LA MOTTE-SERVOLEX, France — Danish cyclist Jakob Fuglsang won the first mountain stage of the Criterium du Dauphine race in a thrilling finish on Friday, while Australian Richie Porte took the overall lead ahead of archrival Chris Froome with two stages remaining.
Stage six was a 147.5-kilometer (91.5-mile) slog from Le Parc des Oiseaux Villars-les-Dombes. It featured a grueling climb up Mont du Chat near the end, followed by a downhill finish to La Motte-Servolex.
Fuglsang attacked first heading into the last kilometer, but was caught by Porte, Froome and Italian Fabio Aru — who is Fuglsang’s Astana teammate.
In a pulsating charge to the line, Fuglsang held them off for a notable victory given the caliber of the opposition.
“It’s amazing to find yourself in front alongside two favorites for the Tour de France,” the 32-year-old Fuglsang said. “It’s great to win here for the first time.”
Porte finished second, with Froome third ahead of Aru.
“I’d be lying if I said I’m happy with third place. I battled hard for the stage win,” Froome said. “I worked a bit too hard in the last kilometer to chase down Fuglsang, and I started my sprint from way too far out.”
All four got the same time of 3 hours, 41 minutes, 48 seconds.
Spanish rider Alejandro Valverde was dropped on the big climb and finished fifth, 50 seconds behind.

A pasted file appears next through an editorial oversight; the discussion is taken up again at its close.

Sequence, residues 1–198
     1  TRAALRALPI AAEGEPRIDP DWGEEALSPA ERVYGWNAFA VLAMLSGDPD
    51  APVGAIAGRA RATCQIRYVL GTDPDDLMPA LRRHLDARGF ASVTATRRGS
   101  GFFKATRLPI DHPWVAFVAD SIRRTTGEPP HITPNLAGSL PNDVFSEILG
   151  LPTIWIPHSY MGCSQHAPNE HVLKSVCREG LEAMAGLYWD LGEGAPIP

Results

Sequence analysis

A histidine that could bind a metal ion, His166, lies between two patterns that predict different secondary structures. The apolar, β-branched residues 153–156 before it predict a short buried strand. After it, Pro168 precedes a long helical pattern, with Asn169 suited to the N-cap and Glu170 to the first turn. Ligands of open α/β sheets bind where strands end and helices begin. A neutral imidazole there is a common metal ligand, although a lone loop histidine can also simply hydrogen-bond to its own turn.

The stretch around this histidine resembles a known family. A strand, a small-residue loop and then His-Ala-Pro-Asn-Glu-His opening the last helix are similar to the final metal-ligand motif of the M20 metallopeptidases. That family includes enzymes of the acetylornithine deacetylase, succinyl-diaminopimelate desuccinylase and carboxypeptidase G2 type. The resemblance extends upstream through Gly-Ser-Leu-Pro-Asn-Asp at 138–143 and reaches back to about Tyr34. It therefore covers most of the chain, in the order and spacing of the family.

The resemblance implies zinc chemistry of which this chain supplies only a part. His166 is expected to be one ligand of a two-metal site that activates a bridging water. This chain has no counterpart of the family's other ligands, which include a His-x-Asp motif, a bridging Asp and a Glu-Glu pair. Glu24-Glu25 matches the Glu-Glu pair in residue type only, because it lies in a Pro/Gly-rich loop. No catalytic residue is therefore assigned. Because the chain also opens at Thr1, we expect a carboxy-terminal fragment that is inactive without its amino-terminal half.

The 32-year-old Porte is 39 seconds ahead of three-time champion Chris Froome — his former right-hand man at Team SKY — and 1:15 clear of Fuglsang in the standings. Despite losing time, Valverde is dangerously poised at 1:20 back in fourth.
Overnight leader Thomas De Gendt of Belgium paid for his lack of climbing ability and dropped down to 30th place, more than eight minutes behind.
Froome, who is the same age as Porte, is looking to win the race for the third straight year and fourth time overall. His first win here came in 2013, the year he went on to win the first of his three Tour titles. He also won the Tour in 2015 and ’16, mirroring his results at the Criterium.
Froome and Porte will battle it out again in the mountains on Saturday, on a famed climb they both know very well.
Stage seven, starting from Aoste, is over 168 kilometers (104 miles) and ends with an ascent of Alpe d’Huez — a climb with huge status on the Tour.
Sunday’s eighth and final stage is another fearsome mountain trek, with three big climbs and ending with an ascent of Plateau de Solaison.
Whoever comes out on top by Sunday will be confident of victory at the Tour, which begins on July 1.
“I’m pretty happy to be at the top with Richie, he’s in unbelievable form. He’s the best climber at the moment,” Froome said. “The Tour de France isn’t too far away now. I still have a bit of work to do, but I’m on the right track.”